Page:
A winter storm held down attendance at the Iowa Power Farming Show last week, and slumping farm prices had those who braved the weather in a cautious mood about making big purchases.

A school snow day allowed Mike Sibbel to bring his son and two grandsons to the annual show at the Iowa Events Center, but the Carroll County farmer said he isn’t planning to upgrade equipment this year.

"It’s going to be pretty tight this year, and probably next year too," Sibbel said.

Matt Bor­mann made the two-hour trek from Kossuth County to Des Moines with his brother and 5-year-old son to check out the latest equipment and technology offerings, even though he wasn’t planning to buy anything when he left home.

"I’m looking at new (grain) trailers, but don’t tell my wife," joked Bormann. "Overall, we’re not looking to buy a lot this year.

"We upgraded during the good times. I’m sure there will be good times again, but this year is going to be a little slow."

Slow was the word Kirk Martin, a sales representative for Timpte trailers, used to describe the opening day of the show, when a snowstorm dumped more than a foot of snow over parts of northern Iowa and high winds created hazardous driving conditions. Exhibitors spent most of the day talking to each other, he said. Another round of snow and sustained winds created similar problems on the second day of the three-day event, although crowds were much better than the first day, he said.

Looking for quality

With 1,870 total booths, the Iowa Power Farming Show is the third-largest indoor farm show in the United States. Exhibitor displays cover six floors in three buildings over a total of 7 acres.

Even with tighter budgets, farmers are still looking for quality equipment when they make purchases, Martin said. Optional features that increase durability or convenience remain popular, especially among older farmers, he said.

While farmers may not be in the mood to invest a lot of money in big iron, they are still interested in technology that can help save money or improve yields, said Dustin Sage, a Black Hawk County farmer who created an app that allows farmers to track and review farm production records from any phone, tablet or desktop computer. The app, called FarmSage, provides a simple and clear way to calculate profits or losses on a field-by-field basis, Sage said.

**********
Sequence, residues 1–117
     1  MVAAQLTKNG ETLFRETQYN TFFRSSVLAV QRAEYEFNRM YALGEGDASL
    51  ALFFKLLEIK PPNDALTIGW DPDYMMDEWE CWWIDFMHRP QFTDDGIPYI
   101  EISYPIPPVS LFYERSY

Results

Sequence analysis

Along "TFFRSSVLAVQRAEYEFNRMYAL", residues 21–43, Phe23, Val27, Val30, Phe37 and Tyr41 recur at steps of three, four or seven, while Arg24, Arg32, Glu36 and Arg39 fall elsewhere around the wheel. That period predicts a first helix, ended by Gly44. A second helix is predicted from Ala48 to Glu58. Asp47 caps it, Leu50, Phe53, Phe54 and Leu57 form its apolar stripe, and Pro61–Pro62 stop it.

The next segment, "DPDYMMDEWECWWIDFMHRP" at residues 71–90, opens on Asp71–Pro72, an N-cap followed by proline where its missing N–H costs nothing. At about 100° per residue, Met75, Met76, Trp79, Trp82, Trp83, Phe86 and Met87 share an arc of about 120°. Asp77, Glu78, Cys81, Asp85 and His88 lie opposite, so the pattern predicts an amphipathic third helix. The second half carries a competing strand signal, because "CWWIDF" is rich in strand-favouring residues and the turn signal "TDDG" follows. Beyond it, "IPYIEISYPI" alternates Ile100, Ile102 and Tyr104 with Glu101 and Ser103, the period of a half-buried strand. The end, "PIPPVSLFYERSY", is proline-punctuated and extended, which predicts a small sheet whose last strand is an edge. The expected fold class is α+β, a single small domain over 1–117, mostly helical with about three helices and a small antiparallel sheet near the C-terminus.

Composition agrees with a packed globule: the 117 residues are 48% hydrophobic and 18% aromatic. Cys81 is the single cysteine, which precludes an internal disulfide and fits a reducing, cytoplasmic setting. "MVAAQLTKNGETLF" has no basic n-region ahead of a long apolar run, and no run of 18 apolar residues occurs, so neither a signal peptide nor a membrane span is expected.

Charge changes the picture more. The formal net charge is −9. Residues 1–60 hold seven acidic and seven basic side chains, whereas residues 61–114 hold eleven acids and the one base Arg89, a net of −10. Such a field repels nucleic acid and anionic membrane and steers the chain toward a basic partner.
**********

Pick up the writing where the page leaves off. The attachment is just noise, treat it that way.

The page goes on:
"We’re looking at input costs and deciding, ‘Do we really need that?’ It’s the same kind of question every farmer should be asking themselves," he said.

Sage and his partner, Paul Farmer, said they had good conversations with potential customers despite reduced crowds at the show. Many of those who managed to make it to the show were interested in serious conversations about products, Farmer said.

"We’ve had more engaging conversations," he said. "They’re looking to squeeze every dollar out of every acre."

Emerging technology

Farmers also showed strong interest in emerging technology, like unmanned aerial systems (UAS) that provide a cost-effective method to capture overhead images of crops and identify areas of concern, said Tom Junge, director of the Iowa Power Farming Show.

"Attendees coming to the show know they’re going to see the future of farming and agriculture," he said.

In that vein, the 360 Yield Center brought a 3D printer to demonstrate the production of a prototype for its 360 Chainroll, an advanced stalk roll system. The 3D printer allows 360 Yield Center engineers to develop and test prototypes more quickly and inexpensively than traditional prototypes, said product support specialist Justin Miles.

The technology has the potential to benefit farmers in a couple of ways, said Junge.

"While 3D printers will not be directly used by farmers in their operation, they will be used by manufacturers to bring new products to the market more quickly," he said. "Many of the innovations in ag equipment come from farmers. 3D printers will allow them to more easily bring their concept to life."